A commanding view of Boca Grande and Caballo Island jutting out of the water welcomed us as we headed down to the narrower Bottomside or Tailside, where the docks and most of the accommodations are situated (This is the only part of the island where further infrastructural projects are permitted). Farther away we saw a silhouette of El Fraile Island, a rock formation that was razed, scraped and fortified by the Americans to resemble an impregnable battleship and keep the Japanese at bay.

Geologists claim that El Fraile was once connected to Corregidor, and that what we see of the latter today are remnants of a once-active underground volcano. Reason why, as per Ms. Tour Guide, Corregidor tends to be warmer than average during summer months.

Did ya know?
The famous "I shall return" line was actually proposed by Carlos P. Romulo, who served
as McArthur's press and media adviser. And McArthur said that line in Australia,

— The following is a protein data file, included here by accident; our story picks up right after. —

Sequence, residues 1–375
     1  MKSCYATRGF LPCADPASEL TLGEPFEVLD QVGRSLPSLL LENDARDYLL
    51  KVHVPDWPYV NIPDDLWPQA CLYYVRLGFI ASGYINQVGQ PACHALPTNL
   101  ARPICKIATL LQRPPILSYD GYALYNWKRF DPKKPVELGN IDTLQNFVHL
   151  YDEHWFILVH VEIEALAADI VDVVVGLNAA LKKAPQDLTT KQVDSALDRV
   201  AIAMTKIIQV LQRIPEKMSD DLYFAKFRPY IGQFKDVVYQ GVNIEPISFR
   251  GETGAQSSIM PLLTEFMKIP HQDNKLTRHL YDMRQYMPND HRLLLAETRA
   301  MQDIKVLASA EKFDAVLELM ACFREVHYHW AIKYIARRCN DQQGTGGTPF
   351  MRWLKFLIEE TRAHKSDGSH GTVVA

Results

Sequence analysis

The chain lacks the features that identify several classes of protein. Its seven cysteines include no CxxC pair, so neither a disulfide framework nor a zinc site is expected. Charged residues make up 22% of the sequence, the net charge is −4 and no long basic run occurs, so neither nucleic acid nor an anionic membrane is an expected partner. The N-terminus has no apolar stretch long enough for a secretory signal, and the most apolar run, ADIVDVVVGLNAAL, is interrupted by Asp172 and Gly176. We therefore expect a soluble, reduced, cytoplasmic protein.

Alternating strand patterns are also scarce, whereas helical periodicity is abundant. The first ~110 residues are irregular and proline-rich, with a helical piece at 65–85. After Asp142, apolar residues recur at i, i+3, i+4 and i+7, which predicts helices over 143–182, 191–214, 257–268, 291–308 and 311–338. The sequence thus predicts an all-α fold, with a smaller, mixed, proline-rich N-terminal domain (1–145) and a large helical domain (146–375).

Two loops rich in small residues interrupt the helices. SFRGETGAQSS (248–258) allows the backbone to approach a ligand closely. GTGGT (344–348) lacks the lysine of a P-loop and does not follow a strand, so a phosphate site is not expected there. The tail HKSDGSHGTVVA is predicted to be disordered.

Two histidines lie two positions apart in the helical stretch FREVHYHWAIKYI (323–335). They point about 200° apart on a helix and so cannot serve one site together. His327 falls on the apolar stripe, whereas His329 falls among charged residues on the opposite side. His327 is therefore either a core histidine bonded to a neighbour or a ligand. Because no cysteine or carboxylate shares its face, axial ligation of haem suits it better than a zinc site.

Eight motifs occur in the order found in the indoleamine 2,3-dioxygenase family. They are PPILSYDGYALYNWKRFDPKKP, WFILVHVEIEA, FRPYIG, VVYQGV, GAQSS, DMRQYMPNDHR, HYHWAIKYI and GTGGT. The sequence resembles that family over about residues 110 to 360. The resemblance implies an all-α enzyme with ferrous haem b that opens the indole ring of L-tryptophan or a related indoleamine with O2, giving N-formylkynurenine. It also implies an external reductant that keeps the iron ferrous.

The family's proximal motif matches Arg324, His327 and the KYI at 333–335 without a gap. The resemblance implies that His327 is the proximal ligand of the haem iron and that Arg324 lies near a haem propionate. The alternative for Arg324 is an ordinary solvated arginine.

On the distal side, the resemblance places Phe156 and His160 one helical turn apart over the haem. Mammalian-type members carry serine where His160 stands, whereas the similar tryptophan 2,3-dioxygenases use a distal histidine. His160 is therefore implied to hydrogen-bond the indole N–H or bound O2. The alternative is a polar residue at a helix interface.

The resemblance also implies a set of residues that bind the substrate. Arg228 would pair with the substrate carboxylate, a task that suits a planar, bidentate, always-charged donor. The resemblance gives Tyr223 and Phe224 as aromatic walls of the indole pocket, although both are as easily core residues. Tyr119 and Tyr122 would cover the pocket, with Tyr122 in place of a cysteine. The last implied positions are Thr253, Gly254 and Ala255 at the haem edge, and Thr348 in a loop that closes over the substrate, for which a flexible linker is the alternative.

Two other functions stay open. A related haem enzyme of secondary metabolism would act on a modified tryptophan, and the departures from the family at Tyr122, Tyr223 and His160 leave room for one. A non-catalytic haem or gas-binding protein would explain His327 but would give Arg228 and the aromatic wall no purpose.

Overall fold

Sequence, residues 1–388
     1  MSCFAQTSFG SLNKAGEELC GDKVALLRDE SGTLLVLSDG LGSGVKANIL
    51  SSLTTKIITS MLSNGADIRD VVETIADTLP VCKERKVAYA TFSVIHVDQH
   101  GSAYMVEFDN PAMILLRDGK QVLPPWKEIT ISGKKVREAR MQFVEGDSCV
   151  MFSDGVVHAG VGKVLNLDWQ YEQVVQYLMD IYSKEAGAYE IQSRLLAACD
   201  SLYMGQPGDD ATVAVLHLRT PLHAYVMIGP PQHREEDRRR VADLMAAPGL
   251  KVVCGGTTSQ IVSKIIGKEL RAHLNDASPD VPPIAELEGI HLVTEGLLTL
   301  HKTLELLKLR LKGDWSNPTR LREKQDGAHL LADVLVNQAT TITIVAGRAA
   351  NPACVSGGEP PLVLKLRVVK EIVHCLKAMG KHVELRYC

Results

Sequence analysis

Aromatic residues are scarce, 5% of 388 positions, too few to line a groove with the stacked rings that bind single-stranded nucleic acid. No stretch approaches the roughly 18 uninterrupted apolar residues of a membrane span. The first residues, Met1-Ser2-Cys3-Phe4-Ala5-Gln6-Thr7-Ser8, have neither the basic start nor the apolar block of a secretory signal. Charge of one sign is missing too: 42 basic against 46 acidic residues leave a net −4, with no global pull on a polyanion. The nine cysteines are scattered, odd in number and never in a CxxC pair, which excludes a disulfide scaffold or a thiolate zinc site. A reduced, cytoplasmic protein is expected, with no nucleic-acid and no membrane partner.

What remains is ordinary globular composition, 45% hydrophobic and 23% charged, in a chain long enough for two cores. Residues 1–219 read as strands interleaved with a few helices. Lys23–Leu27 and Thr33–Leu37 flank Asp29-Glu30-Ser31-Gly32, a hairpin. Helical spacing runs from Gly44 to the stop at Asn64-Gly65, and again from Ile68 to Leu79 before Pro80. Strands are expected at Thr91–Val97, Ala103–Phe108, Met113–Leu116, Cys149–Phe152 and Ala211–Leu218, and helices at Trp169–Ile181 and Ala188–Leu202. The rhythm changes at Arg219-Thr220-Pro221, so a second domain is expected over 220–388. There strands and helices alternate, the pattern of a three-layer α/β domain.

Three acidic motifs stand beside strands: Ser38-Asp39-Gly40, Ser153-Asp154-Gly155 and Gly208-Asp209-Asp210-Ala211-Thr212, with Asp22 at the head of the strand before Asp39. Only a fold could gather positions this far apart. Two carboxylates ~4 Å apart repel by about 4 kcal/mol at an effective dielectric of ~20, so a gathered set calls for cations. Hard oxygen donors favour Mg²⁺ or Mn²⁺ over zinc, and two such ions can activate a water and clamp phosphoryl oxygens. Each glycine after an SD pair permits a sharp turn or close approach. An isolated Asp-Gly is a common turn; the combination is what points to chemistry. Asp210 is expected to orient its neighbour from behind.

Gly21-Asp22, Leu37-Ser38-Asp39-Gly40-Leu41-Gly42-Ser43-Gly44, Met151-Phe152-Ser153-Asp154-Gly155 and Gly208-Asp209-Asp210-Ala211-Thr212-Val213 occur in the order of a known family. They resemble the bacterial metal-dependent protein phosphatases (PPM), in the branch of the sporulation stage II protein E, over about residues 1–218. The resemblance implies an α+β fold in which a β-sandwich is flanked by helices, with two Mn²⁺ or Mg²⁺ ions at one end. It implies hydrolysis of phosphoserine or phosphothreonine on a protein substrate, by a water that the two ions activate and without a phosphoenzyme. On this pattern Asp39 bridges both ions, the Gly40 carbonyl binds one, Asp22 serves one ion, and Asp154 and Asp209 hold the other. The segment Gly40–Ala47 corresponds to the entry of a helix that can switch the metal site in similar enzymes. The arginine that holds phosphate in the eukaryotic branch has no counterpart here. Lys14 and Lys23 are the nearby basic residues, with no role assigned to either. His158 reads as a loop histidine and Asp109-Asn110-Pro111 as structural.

not in Corregidor.

The famous Lorcha Dock where Gen. Douglas McArthur set sail after the war. Fronting the dock is a small parcel of land, once called Barrio San Jose, which served as a community for the affluent in pre-war times.

Last item on the menu was a lights and sounds show at the Malinta Tunnel. I decided not to purchase the P150 ticket for this as I've already experienced it when I was 9. If you haven't though, it's definitely a must. The show's very informative and they did a pretty amazing job with the effigies and the presentation. Kind of creepy, too. 

Malinta Tunnel was named such because of the numerous leeches (linta)
workers found inside during reconstruction.
Corregidor may be too crowded. The water's murky to swim in. And over 10,000 wandering Japanese souls could give you the spook should you decide to stay for the night at the haunted hotel. But this dreary island does leave a lasting imprint to those who are brave enough to accept inconvenient truths. It reminds one how expensive freedom is, to use it wisely by enriching his life with purpose.

Part of a painting hung at the Filipino-American Friendship Park.

Aren't you glad you now live in a highly civilized world, free and out of war?